Being spiritually lazy we naturally tend to gravitate toward the easiest way of settling our religious questions for ourselves and others hence the formula “Accept Christ” has become a panacea of universal application, and I believe it has been fatal to many. Though undoubtedly an occasional serious-minded penitent may find in it all the instruction he needs to bring him into living contact with Christ, I fear that too many seekers use it as a short cut to the Promised Land, only to find that it has led them instead to “a land of darkness, as darkness itself; and of the shadow of death, without any order, and where the light is as darkness.”
The trouble is that the whole “Accept Christ” attitude is likely to be wrong. It shows Christ applying to us rather than us to Him. It makes Him stand hat-in-hand awaiting our verdict on Him, instead of our kneeling with troubled hearts awaiting His verdict on us. It may even permit us to accept Christ by an impulse of mind or emotions, painlessly, at no loss to our ego and no inconvenience to our usual way of life.
For this ineffectual manner of dealing with a vital matter we might imagine some parallels; as if, for instance, Israel in Egypt had “accepted” the blood of the Passover but continued to live in bondage, or the prodigal son had “accepted” his father’s forgiveness and stayed among the swine in the far country. Is it not plain that if accepting Christ is to mean anything there must be moral action that accords with it?
Allowing the expression “Accept Christ” to stand as an honest effort to say in short what could not be so well said any other way, let us see what we mean or should mean when we use it.
To accept Christ is to form an attachment to the Person of our Lord Jesus altogether unique in human experience. The attachment is intellectual, volitional and emotional. The believer is intellectually convinced that Jesus is both Lord and Christ; he has set his will to follow Him at any cost and soon his heart is enjoying the exquisite sweetness of His fellowship.
This attachment is all-inclusive in that it joyfully accepts Christ for all that He is. There is no craven division of offices whereby we may acknowledge His Saviourhood today and withhold decision on His Lordship till tomorrow. The true believer owns Christ as his All in All without reservation. He also includes all of himself, leaving no part of his being unaffected by the revolutionary transaction.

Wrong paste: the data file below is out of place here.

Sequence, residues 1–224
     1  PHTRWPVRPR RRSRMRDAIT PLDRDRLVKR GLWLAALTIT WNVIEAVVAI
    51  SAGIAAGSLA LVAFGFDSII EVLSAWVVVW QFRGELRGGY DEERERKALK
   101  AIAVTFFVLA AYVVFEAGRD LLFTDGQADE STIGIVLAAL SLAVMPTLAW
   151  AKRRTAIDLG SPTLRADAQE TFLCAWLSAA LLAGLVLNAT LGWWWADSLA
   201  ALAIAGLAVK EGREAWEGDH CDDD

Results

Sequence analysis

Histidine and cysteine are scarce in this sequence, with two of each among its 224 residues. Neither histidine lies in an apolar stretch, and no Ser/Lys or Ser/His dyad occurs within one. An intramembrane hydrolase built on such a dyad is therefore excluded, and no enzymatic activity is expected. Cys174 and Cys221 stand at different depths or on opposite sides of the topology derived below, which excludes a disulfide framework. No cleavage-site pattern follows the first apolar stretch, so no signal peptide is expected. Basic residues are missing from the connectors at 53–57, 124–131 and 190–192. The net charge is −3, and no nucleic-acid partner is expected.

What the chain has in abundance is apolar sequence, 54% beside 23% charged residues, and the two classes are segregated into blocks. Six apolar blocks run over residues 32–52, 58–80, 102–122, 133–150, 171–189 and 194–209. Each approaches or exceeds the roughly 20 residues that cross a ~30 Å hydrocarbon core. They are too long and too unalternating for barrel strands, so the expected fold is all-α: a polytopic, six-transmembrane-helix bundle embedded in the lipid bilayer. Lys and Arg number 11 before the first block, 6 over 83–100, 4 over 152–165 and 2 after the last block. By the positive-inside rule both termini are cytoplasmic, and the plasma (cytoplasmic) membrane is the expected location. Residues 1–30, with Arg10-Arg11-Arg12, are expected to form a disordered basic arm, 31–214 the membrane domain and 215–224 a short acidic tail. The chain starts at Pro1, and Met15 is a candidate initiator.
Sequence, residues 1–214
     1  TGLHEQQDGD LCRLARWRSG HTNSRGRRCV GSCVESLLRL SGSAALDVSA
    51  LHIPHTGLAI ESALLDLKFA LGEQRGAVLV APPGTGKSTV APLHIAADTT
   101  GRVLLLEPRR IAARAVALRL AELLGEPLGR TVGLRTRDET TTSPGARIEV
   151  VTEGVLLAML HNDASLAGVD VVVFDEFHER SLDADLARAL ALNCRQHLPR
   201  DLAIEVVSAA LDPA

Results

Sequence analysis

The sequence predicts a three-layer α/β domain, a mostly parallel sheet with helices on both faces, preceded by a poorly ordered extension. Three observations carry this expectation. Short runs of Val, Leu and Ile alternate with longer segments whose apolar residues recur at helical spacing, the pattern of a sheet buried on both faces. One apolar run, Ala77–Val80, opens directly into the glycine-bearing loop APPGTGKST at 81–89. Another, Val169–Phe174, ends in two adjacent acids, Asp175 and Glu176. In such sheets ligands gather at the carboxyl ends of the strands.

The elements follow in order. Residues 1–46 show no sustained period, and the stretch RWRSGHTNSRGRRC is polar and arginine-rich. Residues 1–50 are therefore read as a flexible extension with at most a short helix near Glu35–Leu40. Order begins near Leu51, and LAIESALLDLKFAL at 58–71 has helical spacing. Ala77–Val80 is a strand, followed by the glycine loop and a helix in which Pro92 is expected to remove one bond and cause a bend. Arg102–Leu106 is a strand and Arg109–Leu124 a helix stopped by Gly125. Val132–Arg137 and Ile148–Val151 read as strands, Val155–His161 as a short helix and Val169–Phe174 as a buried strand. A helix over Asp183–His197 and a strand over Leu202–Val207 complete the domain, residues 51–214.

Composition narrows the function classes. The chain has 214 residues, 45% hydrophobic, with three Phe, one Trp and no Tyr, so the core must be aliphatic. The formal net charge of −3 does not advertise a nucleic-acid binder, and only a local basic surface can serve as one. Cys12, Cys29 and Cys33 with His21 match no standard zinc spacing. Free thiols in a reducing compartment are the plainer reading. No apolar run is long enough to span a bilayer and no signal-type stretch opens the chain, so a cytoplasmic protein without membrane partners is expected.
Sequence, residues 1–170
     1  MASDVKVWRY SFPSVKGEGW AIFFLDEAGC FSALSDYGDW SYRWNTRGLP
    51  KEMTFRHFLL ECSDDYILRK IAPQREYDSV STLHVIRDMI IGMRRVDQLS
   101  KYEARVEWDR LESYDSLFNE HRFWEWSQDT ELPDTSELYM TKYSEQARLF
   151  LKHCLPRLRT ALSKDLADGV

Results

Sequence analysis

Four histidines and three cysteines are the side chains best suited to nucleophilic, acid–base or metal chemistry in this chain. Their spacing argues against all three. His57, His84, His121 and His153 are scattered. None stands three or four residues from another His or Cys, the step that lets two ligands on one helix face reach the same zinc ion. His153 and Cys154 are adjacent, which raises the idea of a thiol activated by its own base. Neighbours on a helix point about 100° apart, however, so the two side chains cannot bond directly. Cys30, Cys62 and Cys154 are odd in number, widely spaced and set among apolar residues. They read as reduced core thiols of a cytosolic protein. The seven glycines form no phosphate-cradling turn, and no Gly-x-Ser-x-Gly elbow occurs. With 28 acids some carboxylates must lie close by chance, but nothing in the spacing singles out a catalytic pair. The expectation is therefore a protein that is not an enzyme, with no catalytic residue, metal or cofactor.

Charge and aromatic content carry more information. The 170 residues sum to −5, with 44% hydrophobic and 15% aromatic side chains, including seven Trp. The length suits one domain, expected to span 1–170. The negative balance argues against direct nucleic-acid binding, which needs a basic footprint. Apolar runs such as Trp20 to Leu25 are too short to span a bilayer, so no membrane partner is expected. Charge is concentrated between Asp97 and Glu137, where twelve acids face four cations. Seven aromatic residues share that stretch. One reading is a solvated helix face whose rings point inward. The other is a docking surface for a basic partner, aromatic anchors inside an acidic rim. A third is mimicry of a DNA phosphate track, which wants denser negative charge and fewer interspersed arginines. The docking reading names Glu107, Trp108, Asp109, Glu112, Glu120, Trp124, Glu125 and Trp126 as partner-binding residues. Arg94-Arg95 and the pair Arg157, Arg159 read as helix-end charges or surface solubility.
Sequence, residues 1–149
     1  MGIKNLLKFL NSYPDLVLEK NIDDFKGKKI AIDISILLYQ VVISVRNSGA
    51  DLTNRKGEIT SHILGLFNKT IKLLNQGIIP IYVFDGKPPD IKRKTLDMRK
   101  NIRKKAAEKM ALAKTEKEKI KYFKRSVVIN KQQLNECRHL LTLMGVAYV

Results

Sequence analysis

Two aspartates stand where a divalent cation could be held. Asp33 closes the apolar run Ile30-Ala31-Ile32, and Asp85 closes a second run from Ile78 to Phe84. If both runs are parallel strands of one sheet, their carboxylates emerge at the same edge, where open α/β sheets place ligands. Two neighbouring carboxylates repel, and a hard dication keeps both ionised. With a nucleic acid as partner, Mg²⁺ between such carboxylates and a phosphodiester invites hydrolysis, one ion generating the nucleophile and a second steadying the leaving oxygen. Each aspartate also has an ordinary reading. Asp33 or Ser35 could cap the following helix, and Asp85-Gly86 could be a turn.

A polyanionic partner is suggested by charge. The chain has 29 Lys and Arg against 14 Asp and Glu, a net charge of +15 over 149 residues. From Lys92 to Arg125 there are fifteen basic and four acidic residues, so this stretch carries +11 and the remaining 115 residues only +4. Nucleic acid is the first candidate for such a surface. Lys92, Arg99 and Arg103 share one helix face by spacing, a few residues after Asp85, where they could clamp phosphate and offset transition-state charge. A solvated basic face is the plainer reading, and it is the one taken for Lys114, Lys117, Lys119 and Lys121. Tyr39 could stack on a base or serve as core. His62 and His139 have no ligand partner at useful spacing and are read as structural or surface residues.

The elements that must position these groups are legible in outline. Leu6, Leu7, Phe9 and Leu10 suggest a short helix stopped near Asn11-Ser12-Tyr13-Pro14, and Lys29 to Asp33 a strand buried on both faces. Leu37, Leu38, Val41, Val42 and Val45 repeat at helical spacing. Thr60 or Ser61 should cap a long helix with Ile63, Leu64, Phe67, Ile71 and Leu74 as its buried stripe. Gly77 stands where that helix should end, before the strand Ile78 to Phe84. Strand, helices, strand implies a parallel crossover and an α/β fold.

Further, his attachment to Christ is all-exclusive. The Lord becomes to him not one of several rival interests, but the one exclusive attraction forever. He orbits around Christ as the earth around the sun, held in thrall by the magnetism of His love, drawing all his life and light and warmth from Him. In this happy state he is given other interests, it is true, but these are all determined by his relation to his Lord.
That we accept Christ in this all-inclusive, all-exclusive way is a divine imperative. Here faith makes its leap into God through the Person and work of Christ, but it never divides the work from the Person. It never tries to believe on the blood apart from Christ Himself, or the cross or the “finished work.” It believes on the Lord Jesus Christ, the whole Christ without modification or reservation, and thus it receives and enjoys all that He did in His work of redemption, all that He is now doing in heaven for all His own and all that He does in and through them.
To accept Christ is to know the meaning of the words “as he is, so are we in this world” (I John 4:17). We accept His friends as our friends, His enemies as our enemies, His ways as our ways, His rejection as our rejection, His cross as our cross, His life as our life and His future as our future.
If this is what we mean when we advise others to accept Christ we had better explain it to him. He may get into deep spiritual trouble unless we do.